V2V the next evolutionary step to prevent crashes
WASHINGTON: A Ford Taurus was seconds away from cruising through an intersection when suddenly a row of red lights pulsed on the lower windshield and a warning blared that another car was approaching fast on the cross street.
Braking quickly, the driver stopped just as the second car, previously unseen behind a large parked truck, barrelled through a red light and across the Ford’s path.
The display at a recent transportation conference was a peek into the future of automotive safety: cars that to talk to each other and warn drivers of impending collisions. Later this summer, the US government is launching a yearlong, real-world test involving nearly 3,000 cars, trucks and buses using volunteer drivers in Ann Arbor, Mich.
The vehicles will be equipped to continuously communicate over wireless networks, exchanging information on location, direction and speed 10 times a second with other similarly equipped cars within about 1,000 feet. A computer analyzes the information and issues danger warnings to drivers, often before they can see the other vehicle.
Called vehicle-to-vehicle communication, or V2V, more advanced versions of the systems can take control of a car to prevent an accident by applying brakes when the driver reacts too slowly to a warning.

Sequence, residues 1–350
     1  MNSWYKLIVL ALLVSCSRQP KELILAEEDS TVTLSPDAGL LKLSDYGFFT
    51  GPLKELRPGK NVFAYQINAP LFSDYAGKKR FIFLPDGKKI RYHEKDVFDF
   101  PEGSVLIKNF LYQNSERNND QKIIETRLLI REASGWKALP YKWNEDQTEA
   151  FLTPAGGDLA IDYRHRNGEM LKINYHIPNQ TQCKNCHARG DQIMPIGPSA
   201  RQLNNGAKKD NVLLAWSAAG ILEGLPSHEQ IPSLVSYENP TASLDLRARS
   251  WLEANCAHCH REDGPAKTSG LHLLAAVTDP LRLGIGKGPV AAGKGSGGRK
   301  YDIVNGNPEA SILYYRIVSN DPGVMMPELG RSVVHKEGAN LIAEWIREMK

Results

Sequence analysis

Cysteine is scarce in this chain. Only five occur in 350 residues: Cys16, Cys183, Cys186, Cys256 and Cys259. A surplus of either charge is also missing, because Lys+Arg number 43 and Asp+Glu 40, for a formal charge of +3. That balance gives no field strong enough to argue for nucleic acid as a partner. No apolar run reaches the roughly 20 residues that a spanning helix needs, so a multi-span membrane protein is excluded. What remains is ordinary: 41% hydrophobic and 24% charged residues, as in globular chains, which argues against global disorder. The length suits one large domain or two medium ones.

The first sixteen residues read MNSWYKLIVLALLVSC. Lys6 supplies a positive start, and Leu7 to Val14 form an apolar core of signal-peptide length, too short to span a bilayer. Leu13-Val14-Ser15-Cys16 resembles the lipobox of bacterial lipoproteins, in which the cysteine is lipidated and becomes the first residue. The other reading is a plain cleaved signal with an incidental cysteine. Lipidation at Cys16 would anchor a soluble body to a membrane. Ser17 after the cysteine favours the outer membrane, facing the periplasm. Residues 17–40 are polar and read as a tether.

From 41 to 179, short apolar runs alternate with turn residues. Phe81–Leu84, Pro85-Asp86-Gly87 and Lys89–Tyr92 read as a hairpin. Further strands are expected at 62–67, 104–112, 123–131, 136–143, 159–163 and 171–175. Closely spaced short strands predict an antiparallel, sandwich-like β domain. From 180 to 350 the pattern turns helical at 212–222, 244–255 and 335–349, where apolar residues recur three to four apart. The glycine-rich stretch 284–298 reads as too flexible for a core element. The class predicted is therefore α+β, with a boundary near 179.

V2V “is our next evolutionary step … to make sure the crash never happens in the first place, which is, frankly, the best safety scenario we can all hope for,” said David Strickland, administrator of the National Highway Traffic Safety Administration.
In addition to warning of cars running red lights or stop signs, “connected cars” can let drivers know if they don’t have time to make a left turn because of oncoming traffic. When driving on a two-lane road, the systems warn when passing is unsafe because of oncoming cars – even vehicles around a curve that the driver can’t see yet.
In a line of heavy traffic, the systems issue an alert if a car several vehicles ahead brakes hard even before the vehicle directly in front brakes. And the systems alert drivers when they’re at risk of rear-ending a slower-moving car.
It’s also possible for connected cars to exchange information with traffic lights, signs and roadways if states and communities decide to equip their transportation infrastructure with similar technology. The information would be relayed to traffic management centres, tipping them off to congestion, accidents or obstructions.
Correspondingly, cars could receive warnings on traffic tie-ups ahead and rerouting directions.
Since V2V relies on wireless technology, ensuring that the safety systems are reliable and can’t be hacked is another concern, NHTSA officials said.
The safety benefits of V2V won’t be fully realized until there is a critical mass of cars on the road that can talk to each other, and just where that point lies isn’t known. By the time the government sets standards and automakers are able to respond, it may be 10 years before the technology is widely available on new cars. It takes about 30 years for a new technology to work its way into the entire population of cars.
Some of the safety technologies for V2V are already available in cars, although they tend to be offered primarily on higher-end models.
A key difference is that most of the current technologies rely on radar or laser sensors to “see” other nearby vehicles. They can’t warn drivers about cars they can’t see, such as the car that ran the red light in the intersection demonstration, or an oncoming car around a curve in the road.